Wednesday, June 17, 2015

Is the peer review scheme coming apart?

Columbia biologists “deeply regret” Nature retraction, after postdoc faked 74 panels in 3 papers

A team of Columbia University biologists has retracted a 2013 Nature paper on the molecular pathways underlying Alzheimer’s disease, the second retraction from the group after a postdoc faked data.
An April report from the Office of Research Integrity (ORI) found the a first author, former Columbia postdoc Ryousuke Fujita, responsible for “knowingly and intentionally fabricating and falsifying research in seventy-four (74) panels” in three papers: a 2011 Cell paper retracted in 2014, an unpublished manuscript, and this now-retracted Nature paper, “Integrative genomics identifies APOE e4 effectors in Alzheimer’s disease.”
The paper was touted in a Columbia University Medical Center press release as identifying “key molecular pathways” leading to late-onset Alzheimer’s disease. The paper fingered two potential molecular drug targets, as well.
Here is the full retraction notice:
In this Article, we described integrative genomics analyses of Alzheimer’s disease and associated risk factors. However, reanalysis of the data has showed that sample numbers, image panels and data points were inappropriately manipulated and inaccurate in the ELISA and subcellular localization studies presented in Figs 2d, e, 3b, g, h and 4c, as well as in corresponding Supplementary Figs 10–16. We are in the process of repeating these cell-based studies. We remain confident in the transcriptomics and human genetics analyses reported in the Article. However, given these issues, we wish to retract the Article in its entirety. We deeply regret this circumstance and apologize to the community.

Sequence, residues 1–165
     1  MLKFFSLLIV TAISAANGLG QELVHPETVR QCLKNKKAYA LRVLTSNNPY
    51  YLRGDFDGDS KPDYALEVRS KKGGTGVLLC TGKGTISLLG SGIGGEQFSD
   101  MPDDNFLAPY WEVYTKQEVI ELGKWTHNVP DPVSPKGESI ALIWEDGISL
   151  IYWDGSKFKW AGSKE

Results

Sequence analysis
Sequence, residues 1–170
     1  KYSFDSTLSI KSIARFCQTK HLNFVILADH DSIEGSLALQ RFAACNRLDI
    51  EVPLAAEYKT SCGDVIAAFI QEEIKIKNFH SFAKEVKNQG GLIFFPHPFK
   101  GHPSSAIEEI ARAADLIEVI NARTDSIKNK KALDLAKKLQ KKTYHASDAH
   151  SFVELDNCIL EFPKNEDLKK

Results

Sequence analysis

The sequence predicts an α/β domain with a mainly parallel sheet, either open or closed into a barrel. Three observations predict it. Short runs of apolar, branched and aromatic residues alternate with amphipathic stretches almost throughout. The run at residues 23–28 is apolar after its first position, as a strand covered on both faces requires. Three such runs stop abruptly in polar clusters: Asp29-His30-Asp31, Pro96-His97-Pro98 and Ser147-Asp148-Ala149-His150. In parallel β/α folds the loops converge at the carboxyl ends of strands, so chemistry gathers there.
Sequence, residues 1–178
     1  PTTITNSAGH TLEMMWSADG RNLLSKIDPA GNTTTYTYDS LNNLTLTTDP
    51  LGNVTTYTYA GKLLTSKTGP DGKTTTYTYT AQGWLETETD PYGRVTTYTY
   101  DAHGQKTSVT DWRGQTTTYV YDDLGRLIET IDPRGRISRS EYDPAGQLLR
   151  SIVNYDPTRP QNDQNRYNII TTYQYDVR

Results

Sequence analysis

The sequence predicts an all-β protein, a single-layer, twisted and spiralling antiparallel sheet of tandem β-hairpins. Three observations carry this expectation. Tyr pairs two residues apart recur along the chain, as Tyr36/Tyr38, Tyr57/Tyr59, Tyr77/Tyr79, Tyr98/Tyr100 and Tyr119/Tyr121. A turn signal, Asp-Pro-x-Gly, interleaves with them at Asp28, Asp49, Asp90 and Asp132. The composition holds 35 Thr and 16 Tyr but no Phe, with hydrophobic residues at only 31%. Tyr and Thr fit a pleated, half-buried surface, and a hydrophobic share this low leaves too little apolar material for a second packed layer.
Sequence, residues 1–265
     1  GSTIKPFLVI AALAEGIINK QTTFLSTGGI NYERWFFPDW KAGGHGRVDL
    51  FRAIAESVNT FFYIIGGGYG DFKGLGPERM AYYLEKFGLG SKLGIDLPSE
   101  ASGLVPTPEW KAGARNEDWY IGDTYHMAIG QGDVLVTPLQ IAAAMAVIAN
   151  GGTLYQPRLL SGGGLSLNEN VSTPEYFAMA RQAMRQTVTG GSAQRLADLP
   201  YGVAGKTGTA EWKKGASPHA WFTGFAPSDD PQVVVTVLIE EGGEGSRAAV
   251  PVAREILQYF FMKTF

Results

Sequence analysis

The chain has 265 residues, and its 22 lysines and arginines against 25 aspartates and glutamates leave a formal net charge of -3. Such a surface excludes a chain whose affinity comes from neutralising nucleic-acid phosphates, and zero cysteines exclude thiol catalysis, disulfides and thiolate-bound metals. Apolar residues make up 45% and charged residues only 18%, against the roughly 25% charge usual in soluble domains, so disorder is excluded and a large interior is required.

All six authors agreed to the retraction, according to Nature spokesperson Rebecca Walton. But, similar to another recent Nature retraction, the journal declined to comment further:
For confidentiality reasons, we cannot discuss the detailed editorial process or history of any Nature paper with anyone other than the authors. In general, if any authors disagree with a retraction, we note the dissenting authors in the retraction notice. In this case, all the authors signed the retraction.
When we reached out to senior author Asa Abeliovich to comment on the retraction, the Medical Center’s director of media relations, Karin Eskenazi, responded with a near identical statement to what they said when the ORI report came out:
Again, we deeply regret that one of our former employees engaged in research misconduct and that his misconduct affected two published scientific articles.
We recognize that the proper conduct of research is one of the most important responsibilities of a university.
In response to our queries about the repetition of the “cell-based studies” mentioned in the retraction notice, Eskenazi added:
Columbia investigators are now repeating the cell-based studies and this is ongoing.
The Cell paper had been cited 150 times, according to Thomson Scientific’s Web of Knowledge. This Naturepaper has been cited 48 times, and has been designated as “highly cited.”

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